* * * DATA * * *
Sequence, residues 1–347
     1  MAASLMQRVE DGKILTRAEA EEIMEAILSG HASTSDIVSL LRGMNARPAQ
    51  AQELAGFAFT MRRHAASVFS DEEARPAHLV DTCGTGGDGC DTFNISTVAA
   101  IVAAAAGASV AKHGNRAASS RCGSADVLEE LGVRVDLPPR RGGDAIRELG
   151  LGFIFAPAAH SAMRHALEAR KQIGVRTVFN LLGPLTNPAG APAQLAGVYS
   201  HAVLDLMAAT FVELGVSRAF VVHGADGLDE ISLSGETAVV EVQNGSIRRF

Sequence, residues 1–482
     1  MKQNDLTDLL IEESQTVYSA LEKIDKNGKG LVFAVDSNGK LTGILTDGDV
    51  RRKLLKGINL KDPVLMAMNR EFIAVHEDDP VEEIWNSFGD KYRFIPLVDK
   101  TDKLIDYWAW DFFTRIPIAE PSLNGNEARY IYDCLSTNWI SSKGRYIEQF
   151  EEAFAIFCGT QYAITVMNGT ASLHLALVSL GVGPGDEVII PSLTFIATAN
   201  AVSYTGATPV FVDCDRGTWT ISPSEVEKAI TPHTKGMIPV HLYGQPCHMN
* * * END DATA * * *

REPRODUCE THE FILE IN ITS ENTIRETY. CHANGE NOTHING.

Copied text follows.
Sequence, residues 1–347
     1  MAASLMQRVE DGKILTRAEA EEIMEAILSG HASTSDIVSL LRGMNARPAQ
    51  AQELAGFAFT MRRHAASVFS DEEARPAHLV DTCGTGGDGC DTFNISTVAA
   101  IVAAAAGASV AKHGNRAASS RCGSADVLEE LGVRVDLPPR RGGDAIRELG
   151  LGFIFAPAAH SAMRHALEAR KQIGVRTVFN LLGPLTNPAG APAQLAGVYS
   201  HAVLDLMAAT FVELGVSRAF VVHGADGLDE ISLSGETAVV EVQNGSIRRF

Sequence, residues 1–482
     1  MKQNDLTDLL IEESQTVYSA LEKIDKNGKG LVFAVDSNGK LTGILTDGDV
    51  RRKLLKGINL KDPVLMAMNR EFIAVHEDDP VEEIWNSFGD KYRFIPLVDK
   101  TDKLIDYWAW DFFTRIPIAE PSLNGNEARY IYDCLSTNWI SSKGRYIEQF
   151  EEAFAIFCGT QYAITVMNGT ASLHLALVSL GVGPGDEVII PSLTFIATAN
   201  AVSYTGATPV FVDCDRGTWT ISPSEVEKAI TPHTKGMIPV HLYGQPCHMN